Sophie, finding herself freed from all conventional shackles, gave full play to her tastes, both for luxury and intellectual society. Her house, the Hôtel Rambouillet, was transformed into a palace, and both at home and in the green-room of the opera she was surrounded by a throng of noblemen, diplomats, soldiers, poets, artists—in a word, all the most brilliant men of Paris, who crowded her receptions and besieged her footsteps. The attentions paid the brilliant Sophie caused terrible fits of jealousy on the part of Lauraguais, and their life for several years, though there appears to have been sincere attachment on both sides, was embittered by quarrels and recriminations. Sophie seems to have been faithful to her relation with Lauraguais, though she never took pains to deprecate his anger or avert his suspicions. Discovering that he was intriguing with an operatic fair one, she contrived that Lauraguais should come on her tête-a-tête with a Knight of Malta. To his reproaches she answered, “This gentleman is only fulfilling his vows as Knight of Malta in waging war upon an infidel” (infidèle). At last she tired of leading such a fretful existence, and took the occasion of the Count’s absence to break the bond. She filled her carriage with all of his valuable gifts to herself—jewelry, laces, and two children—and sent them to his hotel. The message was received by the Countess, who gladly accepted the charge of the little ones, but returned the carriage and its other contents. On Lauraguais’s return he was thrown into the deepest misery by Sophie’s resolve; but, although she was touched by his pleading and reproaches, she remained inflexible. She accepted, however, a pension of two thousand crowns which his generosity settled on her. We are told that the sentimental Countess joined with her husband in urging Sophie, who at first refused to receive Lauraguais’s bounty, to yield, saying that her admiration of the lovely singer made her excuse his fault in being unfaithful to herself, and that the children should be always treated as her own. Such a scene as this would be impossible out of the France of the eighteenth century.
The number of Sophie Arnould’s bon-mots is almost legion, and her good nature could rarely resist the temptation of uttering a brilliant epigram or a pungent repartee. Some one showed her a snuff-box, on which were portraits of Sully and the Duke de Choiseul. She said with a wicked smile, “Debit and credit.” A Capuchin monk was reported to have been eaten by wolves. “Poor beasts! hunger must be a dreadful thing,” ejaculated she. A beautiful but silly woman complained to her of the persistency of her lovers. “You have only to open your mouth and speak, to get rid of their importunities,” was the pungent answer. She effectually silenced a coxcomb, who aimed to annoy her by saying, “Oh! wit runs in the street nowadays,” by the retort, “Too fast for fools to catch it, however.” Of Madeleine Guimard, the fascinating dancer, who was exceedingly thin, Sophie said one night, after she had seen her dance a pas de trois in which she represented a nymph being contended for by two satyrs, “It made her think of two dogs fighting for a bone.”*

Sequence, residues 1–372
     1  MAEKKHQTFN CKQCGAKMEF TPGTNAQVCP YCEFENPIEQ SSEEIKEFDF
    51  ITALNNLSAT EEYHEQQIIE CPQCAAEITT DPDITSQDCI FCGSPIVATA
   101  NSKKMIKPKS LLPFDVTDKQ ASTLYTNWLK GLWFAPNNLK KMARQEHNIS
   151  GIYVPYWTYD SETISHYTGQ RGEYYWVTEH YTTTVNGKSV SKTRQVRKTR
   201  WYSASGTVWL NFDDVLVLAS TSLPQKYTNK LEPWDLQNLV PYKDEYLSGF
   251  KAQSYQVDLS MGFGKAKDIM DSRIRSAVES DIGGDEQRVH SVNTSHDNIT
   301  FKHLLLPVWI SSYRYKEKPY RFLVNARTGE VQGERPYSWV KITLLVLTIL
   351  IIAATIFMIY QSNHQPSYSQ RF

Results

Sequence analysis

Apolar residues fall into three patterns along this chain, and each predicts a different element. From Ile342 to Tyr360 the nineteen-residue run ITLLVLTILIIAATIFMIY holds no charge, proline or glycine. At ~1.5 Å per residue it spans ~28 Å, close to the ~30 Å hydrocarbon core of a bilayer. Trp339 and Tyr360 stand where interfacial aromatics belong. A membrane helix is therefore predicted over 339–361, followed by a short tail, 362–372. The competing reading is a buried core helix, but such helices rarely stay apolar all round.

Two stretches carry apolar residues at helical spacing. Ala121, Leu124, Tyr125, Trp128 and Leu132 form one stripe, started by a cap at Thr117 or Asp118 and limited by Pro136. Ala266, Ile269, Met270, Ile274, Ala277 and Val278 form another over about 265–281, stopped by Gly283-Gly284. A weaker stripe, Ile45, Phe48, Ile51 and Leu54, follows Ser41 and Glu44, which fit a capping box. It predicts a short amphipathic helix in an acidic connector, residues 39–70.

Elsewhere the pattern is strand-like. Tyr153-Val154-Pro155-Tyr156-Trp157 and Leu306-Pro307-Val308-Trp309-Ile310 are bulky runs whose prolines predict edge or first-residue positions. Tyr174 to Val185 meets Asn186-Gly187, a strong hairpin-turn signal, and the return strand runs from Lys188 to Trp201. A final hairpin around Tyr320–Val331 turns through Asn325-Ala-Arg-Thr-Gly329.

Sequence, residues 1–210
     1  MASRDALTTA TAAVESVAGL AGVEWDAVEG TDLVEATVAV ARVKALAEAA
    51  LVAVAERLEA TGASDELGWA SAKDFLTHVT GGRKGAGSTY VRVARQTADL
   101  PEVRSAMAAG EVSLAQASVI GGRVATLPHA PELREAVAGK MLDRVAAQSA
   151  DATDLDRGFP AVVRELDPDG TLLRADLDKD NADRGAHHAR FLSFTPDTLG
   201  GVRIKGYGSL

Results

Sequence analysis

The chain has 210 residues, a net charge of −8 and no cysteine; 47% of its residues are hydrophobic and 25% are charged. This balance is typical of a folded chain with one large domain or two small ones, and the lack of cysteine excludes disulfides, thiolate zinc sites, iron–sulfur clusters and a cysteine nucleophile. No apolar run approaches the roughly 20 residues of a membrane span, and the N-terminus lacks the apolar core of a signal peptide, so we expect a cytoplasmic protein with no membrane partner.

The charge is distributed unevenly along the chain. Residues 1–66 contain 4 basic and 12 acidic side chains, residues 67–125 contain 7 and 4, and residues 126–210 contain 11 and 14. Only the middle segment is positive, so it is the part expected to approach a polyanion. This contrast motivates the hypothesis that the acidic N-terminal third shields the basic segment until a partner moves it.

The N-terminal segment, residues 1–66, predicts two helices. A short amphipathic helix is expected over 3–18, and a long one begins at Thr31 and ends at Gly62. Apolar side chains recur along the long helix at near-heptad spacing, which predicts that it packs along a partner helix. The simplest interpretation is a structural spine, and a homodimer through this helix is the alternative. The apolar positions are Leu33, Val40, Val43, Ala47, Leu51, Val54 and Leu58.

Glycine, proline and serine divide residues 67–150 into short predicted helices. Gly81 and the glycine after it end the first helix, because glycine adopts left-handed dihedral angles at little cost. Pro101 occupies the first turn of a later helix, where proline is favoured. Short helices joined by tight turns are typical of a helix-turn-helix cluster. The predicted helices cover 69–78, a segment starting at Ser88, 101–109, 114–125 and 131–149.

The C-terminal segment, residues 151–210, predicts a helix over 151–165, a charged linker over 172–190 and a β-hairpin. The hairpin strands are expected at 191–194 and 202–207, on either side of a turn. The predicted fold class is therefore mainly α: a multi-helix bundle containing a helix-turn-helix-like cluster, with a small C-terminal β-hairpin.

* This mot the Paris wits have revived at the expense of Mlle. Sara Bernhardt.
One day Voltaire said to her, “Ah! mademoiselle, I am eighty-four years old, and I have committed eighty-four follies” (sottises). “A mere trifle,” responded Sophie; “I am not yet forty, and I have committed more than a thousand.”
For a time Mile. Arnould suffered under a loss of court favor, owing to her having made Mme. Du Barry the butt of her pointed sarcasms. A lettre de cachet would have been the fate of another, but Sophie was too much of a popular idol to be so summarily treated. She, however, retired for a time from the theatre with a pension of two thousand francs, having already accumulated a splendid fortune. Instantly that it was known she was under a cloud, there were plenty to urge that she never had any voice, and that her only good points were beauty and fine acting. Abbé Galiani, a court parasite, remarked one night, “It’s the finest asthma I ever heard.”
In 1774 the great composer Gluck, whose genius was destined to have such a profound influence on French music, came to Paris with his “Iphigenie en Aulide,” by invitation of the Dauphiness Marie Antoinette, who had formerly been his musical pupil. The stiff and stilted works of Sully and Rameau had thus far ruled the French stage without any competition, except from the Italian operettas performed by the company of Les Bouffons, and the new school of French operatic comedy developed into form by the lively genius of Grétry. When Gluck’s magnificent opera, constructed on new art principles, was given to the Paris public, April 19, 1774, it created a deep excitement, and divided critics and connoisseurs into opposing and embittered camps, in which the most distinguished wits, poets, and philosophers ranged themselves, and pelted each other with lampoons, pamphlets, and epigrams, which often left wounds that had to be healed afterward by an application of cold steel. In this contest Sophie Arnould, who had speedily emerged from her retirement, took an active part, for Gluck had selected her to act the part of his heroines. The dramatic intensity and breadth of the German composer’s conceptions admirably suited Sophie, whose genius for acting was more marked than her skill in singing. The success of Gluck’s “Iphigenie” gave the finishing stroke to the antiquated operas of Rameau, in which the singer had made her reputation, and offered her a nobler vehicle for art-expression. On her association with Gluck’s music Sophie Arnould’s fame in the history of art now chiefly rests.